July 11, 2016
Leading up to training camp, as we did last year, we'll be comparing each of the Eagles' rookies to current NFL players. In case you missed the first four Eagles draft picks comps, you can find them below:
Today we'll find a comp for OT Halapoulivaati Vaitai. By far, Vaitai was the hardest Eagles rookie draft pick to compare to a current or former NFL player. As a player, Vaitai isn't the most athletic guy, and he struggled with speedier pass rushers at the college level.
For example, here's 227 pound Eric Striker getting inside of Vaitai after Vaitai over-committed to an outside speed rush.
And here's Oregon's DeForest Buckner drawing a holding call on a similar inside move.
However, Vaitai does get good movement in the run game. Unfortunately for Vaitai, in TCU's spread offense, he didn't often get the chance to bury opposing defenders on power runs. When he did, he was impressive. Here's Vaitai murdering an edge player on a trap play:
Here he is pushing Cowboys 4th round pick Charles Tapper four yards off the line of scrimmage, creating a space for the back to make some impressive moves of his own:
And here he is doubling Tapper, before getting to the second level and riding the linebacker off the field:
When looking for player comps, I discovered that he actually had very similar workout numbers as former Eagle Todd Herremans:
|Measurable||Halapoulivaati Vaitai||Todd Herremans|
|40 yard dash||5.26||5.20|
However, Herremans showed much more athleticism on tape than Vaitai. (I just thought it was interesting to show the similar numbers). I think a better comp would be former Penn State and New York Giants OT Kareem McKenzie, who had a similar lack of athleticism, but made up for it with run blocking skills and underrated footwork. Vaitai's measurables are similar to McKenzie's as well:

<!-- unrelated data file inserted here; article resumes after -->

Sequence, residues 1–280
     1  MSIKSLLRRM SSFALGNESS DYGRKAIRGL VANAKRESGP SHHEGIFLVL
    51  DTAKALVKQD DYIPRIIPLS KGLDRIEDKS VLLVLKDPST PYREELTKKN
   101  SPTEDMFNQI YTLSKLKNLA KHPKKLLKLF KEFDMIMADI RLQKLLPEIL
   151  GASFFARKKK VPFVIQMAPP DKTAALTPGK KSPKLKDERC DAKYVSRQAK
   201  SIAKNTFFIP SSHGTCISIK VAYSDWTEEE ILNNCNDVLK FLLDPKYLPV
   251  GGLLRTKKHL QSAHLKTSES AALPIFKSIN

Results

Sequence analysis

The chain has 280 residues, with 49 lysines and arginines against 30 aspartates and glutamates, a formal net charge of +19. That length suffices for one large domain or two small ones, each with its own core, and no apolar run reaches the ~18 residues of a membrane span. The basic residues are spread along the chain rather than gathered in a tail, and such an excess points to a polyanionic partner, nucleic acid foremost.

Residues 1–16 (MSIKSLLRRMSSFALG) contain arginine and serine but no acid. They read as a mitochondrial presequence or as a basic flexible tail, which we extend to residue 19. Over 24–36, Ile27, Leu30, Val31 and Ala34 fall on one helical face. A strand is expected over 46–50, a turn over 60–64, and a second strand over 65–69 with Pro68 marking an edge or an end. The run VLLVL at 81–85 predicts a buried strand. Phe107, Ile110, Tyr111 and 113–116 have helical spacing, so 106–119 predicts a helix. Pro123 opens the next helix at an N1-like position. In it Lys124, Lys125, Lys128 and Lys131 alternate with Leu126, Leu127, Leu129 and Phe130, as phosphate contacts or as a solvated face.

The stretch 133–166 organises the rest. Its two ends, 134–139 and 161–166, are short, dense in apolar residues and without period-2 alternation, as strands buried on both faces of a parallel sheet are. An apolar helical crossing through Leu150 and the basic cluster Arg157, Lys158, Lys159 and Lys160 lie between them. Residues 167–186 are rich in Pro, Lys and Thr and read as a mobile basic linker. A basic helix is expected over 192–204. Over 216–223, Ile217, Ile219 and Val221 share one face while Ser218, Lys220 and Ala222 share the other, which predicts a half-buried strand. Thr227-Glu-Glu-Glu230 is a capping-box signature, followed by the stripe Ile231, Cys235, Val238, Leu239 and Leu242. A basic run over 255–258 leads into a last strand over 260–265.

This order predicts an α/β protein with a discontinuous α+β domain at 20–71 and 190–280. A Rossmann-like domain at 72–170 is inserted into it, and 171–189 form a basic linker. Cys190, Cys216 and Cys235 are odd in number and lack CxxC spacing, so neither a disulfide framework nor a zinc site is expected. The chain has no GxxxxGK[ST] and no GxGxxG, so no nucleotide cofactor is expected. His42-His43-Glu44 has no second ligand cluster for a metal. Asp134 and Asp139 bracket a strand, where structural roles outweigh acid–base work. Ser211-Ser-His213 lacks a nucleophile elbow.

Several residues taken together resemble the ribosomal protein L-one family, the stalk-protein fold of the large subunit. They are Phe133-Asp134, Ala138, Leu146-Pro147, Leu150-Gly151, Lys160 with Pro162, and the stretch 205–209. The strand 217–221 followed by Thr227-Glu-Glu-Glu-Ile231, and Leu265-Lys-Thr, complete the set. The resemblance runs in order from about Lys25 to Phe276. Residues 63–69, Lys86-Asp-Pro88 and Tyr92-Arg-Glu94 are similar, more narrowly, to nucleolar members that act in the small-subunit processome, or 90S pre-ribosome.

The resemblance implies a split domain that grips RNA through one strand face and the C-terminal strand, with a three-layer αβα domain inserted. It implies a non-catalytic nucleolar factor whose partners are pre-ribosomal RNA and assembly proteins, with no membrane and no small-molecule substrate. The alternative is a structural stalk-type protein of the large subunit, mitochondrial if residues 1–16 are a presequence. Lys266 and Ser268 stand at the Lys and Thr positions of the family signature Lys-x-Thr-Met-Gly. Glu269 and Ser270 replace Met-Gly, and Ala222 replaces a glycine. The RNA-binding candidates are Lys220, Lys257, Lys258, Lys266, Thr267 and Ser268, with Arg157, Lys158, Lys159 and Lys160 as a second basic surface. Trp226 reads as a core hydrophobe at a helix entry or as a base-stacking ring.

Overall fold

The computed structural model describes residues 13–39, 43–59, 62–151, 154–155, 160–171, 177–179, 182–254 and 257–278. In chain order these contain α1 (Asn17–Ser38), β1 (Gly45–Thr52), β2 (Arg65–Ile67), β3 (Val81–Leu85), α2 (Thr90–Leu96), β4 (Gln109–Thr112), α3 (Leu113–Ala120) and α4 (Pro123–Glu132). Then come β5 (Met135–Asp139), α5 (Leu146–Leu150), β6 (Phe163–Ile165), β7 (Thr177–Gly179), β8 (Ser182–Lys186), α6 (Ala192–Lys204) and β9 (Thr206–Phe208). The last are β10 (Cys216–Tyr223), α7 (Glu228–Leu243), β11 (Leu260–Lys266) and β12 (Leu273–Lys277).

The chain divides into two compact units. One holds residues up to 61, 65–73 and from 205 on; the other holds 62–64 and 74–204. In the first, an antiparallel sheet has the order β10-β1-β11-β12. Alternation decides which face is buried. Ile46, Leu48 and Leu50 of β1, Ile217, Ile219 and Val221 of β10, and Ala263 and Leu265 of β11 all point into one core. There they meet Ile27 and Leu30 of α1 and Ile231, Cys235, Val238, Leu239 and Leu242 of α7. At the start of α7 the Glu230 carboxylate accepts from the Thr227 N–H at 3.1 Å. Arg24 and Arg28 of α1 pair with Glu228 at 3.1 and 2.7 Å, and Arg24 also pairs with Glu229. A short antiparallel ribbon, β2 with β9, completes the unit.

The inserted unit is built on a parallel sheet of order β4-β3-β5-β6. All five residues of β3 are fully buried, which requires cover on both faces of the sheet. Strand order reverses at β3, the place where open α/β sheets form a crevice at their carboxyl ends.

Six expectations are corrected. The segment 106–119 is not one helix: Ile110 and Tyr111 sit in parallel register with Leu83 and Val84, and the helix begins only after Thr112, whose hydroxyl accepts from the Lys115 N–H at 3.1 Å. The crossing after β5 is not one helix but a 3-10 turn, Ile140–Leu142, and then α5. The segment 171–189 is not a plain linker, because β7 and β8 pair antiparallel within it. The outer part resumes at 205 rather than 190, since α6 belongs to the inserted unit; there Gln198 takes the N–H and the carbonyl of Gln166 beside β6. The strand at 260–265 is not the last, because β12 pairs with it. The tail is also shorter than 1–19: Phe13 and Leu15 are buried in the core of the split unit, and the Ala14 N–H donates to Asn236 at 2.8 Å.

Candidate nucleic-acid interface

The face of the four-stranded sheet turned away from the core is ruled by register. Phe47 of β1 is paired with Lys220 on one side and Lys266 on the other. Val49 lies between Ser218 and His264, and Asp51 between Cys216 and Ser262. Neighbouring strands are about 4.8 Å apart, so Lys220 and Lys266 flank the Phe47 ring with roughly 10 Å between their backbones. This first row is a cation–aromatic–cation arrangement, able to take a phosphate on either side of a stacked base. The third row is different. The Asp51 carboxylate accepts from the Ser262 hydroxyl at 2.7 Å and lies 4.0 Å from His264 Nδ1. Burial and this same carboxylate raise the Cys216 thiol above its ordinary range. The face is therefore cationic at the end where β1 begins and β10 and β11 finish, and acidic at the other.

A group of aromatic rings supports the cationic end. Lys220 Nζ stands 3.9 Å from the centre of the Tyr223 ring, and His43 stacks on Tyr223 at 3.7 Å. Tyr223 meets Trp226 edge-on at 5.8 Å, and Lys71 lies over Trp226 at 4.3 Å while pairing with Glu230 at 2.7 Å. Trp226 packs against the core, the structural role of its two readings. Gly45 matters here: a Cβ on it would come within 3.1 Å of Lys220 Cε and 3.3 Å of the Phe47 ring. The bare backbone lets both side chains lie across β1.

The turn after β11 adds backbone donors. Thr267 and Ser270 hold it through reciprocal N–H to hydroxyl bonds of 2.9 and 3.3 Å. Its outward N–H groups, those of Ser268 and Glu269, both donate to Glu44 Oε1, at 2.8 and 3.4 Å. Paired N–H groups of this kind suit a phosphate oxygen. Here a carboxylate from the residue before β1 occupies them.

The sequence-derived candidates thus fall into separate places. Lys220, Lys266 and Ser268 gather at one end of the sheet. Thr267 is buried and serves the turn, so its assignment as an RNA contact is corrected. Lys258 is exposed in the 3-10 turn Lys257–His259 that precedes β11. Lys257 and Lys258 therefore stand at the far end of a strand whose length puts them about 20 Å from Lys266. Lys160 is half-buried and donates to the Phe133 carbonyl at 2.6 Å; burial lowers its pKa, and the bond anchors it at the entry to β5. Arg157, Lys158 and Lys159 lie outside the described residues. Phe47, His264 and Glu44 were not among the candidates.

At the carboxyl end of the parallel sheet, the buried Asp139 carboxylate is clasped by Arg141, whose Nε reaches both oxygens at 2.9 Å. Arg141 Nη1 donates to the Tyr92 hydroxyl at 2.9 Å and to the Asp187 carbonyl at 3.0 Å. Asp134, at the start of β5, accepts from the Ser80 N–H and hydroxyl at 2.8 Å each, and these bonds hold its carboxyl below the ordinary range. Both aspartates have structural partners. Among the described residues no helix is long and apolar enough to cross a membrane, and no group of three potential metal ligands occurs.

|Measurable||Halapoulivaati Vaitai||Kareem McKenzie|
|40 yard dash||5.26||5.33|
|20 yard shuttle||5.00||4.80|
McKenzie had an 11-year career from 2001 to 2011, playing at RT during an era when RT was markedly easier than playing LT. After Lane Johnson moves from RT to LT, Vaitai may have the opportunity to win the RT job. However, the game is changing on the edges, in that opposing defenses are beginning to put their best pass rushers up against the RT, when in the past they would typically rush from the blind side. Vaitai will have to improve his ability to handle speed rushers if he's going to have a career anywhere near as long as McKenzie's.